Some of the largest tribe’s in Oklahoma have reportedly voiced concerns over a recent declaration by Governor, Kevin Stitt (pictured), that the western state should be getting a bigger piece of the estimated $2.3 billion its aboriginal casinos earn every year.

According to a Wednesday report from the Associated Press news service published by The Dallas Morning News newspaper, Oklahoma is home to approximately 120 gambling establishments operated by some 35 tribes under 15-year gaming compacts that are due to expire in January.

These enterprises purportedly range in size from a few machines placed inside small gas station annexes to large resort-style casino hotels such as the Downstream Casino Resort located near the state’s borders with neighboring Missouri and Kansas.

Despite this over-abundance, the news service reported that Oklahoma only collected around $139 million in exclusivity taxes last year, which are a feature of the compacts while being calculated at between 4% and 10% of a venue’s gambling revenues.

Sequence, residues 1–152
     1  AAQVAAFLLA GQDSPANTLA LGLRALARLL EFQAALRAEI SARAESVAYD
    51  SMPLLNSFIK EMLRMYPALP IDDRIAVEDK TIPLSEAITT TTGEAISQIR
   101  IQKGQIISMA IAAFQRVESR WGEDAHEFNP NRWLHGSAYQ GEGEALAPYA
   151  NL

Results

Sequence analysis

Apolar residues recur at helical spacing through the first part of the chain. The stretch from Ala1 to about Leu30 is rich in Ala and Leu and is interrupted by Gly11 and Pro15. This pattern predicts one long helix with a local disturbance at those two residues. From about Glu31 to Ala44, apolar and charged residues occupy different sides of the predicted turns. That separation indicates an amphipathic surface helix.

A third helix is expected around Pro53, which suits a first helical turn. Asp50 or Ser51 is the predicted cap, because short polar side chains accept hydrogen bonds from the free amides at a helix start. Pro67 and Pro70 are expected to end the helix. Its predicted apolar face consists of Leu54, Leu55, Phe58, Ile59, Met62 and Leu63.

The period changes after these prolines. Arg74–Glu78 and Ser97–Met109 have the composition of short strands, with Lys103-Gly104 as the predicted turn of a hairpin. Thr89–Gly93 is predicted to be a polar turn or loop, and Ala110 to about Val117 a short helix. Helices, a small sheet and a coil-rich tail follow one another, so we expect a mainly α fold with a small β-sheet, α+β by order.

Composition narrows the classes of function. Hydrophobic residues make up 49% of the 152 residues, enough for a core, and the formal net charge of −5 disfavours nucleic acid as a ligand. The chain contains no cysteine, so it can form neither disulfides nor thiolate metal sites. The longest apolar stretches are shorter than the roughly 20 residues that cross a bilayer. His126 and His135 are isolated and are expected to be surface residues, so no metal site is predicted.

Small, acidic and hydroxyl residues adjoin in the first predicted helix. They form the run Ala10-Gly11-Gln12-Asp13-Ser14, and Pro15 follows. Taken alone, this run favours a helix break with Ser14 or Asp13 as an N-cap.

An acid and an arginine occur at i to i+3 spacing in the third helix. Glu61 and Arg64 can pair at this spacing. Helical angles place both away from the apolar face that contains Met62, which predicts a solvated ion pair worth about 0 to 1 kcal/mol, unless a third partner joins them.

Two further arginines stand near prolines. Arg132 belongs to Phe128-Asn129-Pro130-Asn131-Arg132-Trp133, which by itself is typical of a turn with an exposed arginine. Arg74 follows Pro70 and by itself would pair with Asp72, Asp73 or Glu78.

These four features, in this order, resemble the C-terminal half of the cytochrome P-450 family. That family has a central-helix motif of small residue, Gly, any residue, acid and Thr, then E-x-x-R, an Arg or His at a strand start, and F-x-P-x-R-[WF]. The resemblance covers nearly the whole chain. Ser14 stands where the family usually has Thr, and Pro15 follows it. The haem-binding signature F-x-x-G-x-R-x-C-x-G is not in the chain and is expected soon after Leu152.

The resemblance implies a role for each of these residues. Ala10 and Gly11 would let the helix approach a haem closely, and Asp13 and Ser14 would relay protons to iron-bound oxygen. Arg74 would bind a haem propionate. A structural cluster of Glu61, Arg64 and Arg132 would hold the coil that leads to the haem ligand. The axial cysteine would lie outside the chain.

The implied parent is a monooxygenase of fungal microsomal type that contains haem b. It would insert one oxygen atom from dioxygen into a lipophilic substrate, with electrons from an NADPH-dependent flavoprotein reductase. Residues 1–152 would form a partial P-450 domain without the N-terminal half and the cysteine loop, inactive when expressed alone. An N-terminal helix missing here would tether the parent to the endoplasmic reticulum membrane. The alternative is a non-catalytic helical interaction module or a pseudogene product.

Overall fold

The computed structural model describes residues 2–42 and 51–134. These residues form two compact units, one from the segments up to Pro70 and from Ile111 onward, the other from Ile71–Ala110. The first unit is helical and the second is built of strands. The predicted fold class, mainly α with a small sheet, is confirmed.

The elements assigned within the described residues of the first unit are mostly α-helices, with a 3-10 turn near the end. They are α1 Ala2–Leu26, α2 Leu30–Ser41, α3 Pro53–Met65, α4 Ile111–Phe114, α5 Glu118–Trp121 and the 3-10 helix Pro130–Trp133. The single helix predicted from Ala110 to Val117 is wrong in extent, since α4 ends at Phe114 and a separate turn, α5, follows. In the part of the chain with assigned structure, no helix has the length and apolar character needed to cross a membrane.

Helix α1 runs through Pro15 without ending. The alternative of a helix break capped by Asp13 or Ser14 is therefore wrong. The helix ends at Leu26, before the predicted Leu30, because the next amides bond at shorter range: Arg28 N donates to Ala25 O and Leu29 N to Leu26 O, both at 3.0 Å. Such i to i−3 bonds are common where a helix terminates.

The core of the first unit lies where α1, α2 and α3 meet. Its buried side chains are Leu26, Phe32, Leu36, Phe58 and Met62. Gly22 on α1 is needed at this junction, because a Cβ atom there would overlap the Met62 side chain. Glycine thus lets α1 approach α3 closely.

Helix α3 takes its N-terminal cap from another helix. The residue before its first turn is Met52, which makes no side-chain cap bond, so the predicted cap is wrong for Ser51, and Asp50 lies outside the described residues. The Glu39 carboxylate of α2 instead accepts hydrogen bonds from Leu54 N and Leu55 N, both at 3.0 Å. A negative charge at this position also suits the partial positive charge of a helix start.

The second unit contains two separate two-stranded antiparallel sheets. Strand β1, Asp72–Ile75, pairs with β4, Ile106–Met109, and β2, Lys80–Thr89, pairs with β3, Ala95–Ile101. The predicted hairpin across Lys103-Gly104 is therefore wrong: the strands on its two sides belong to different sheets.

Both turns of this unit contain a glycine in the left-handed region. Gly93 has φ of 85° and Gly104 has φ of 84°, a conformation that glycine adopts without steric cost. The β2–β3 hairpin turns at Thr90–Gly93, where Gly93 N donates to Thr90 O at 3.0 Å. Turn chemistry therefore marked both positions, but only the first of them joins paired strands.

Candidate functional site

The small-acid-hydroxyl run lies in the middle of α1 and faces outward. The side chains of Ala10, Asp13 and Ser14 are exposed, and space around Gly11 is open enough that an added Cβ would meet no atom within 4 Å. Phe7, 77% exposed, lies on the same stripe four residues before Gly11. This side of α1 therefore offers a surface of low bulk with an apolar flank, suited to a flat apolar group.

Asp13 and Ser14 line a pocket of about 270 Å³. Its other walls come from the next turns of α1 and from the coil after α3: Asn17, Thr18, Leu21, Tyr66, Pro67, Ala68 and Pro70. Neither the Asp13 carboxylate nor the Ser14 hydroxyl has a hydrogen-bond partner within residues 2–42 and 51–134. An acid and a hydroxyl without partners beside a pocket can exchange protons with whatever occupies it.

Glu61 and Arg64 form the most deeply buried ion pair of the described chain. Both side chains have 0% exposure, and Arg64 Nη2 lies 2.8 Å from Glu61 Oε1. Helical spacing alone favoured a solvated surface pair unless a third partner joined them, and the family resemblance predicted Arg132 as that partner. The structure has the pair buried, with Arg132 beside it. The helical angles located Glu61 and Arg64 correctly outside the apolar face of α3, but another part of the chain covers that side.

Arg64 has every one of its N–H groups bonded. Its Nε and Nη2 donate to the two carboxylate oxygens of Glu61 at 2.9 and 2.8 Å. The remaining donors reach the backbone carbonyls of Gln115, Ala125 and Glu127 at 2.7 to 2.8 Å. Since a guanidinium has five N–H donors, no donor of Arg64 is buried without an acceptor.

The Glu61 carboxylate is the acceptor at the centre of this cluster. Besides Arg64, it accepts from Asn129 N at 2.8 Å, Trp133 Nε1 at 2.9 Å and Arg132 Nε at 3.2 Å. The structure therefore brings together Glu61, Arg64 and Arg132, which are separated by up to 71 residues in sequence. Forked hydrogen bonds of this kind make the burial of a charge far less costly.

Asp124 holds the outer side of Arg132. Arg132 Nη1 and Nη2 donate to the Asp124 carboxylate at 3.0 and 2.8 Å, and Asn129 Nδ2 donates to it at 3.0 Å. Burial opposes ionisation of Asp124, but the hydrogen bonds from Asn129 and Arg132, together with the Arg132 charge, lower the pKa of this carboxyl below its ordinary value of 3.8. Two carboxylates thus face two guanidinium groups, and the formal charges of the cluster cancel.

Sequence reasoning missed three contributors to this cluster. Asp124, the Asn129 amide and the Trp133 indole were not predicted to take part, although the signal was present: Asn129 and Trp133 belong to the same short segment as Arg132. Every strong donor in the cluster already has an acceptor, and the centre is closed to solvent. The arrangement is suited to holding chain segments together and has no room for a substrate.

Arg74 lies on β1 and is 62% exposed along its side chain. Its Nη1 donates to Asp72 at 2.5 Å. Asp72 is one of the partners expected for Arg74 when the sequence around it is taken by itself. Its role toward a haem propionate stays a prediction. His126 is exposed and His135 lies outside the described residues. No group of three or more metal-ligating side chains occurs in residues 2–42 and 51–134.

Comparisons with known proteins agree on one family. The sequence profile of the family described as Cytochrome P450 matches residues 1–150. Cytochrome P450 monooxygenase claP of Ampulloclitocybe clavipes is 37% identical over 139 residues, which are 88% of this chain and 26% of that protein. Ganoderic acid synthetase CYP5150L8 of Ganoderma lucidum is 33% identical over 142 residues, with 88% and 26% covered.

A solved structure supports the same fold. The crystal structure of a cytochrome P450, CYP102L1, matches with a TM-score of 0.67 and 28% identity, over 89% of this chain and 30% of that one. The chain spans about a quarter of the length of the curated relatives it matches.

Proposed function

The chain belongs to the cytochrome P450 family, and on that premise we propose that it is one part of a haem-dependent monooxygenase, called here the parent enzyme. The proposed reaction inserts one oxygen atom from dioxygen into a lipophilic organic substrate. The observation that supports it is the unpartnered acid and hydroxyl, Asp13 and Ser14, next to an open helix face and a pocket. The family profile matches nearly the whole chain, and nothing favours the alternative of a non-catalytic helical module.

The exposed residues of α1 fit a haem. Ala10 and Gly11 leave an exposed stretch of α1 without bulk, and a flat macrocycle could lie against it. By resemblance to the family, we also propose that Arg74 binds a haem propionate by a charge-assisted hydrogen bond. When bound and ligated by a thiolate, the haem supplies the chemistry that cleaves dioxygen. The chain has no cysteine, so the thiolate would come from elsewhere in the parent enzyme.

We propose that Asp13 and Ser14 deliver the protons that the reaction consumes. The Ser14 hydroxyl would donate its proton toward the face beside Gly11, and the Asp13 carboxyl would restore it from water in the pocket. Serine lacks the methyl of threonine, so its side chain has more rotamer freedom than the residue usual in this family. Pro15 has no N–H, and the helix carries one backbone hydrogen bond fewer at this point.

This discrepancy led the Republican Governor, who is also a citizen of the federally-recognized Cherokee Nation of Oklahoma, to pen a Monday opinion piece in which he called for these rates to be raised as part of the state’s renegotiation of the deals later in the year.

“In this case, that means sitting down with our tribal partners to discuss how to bring these 15-year-old compacts to an agreement that reflects market conditions for the gaming industry seen around the nation today.”

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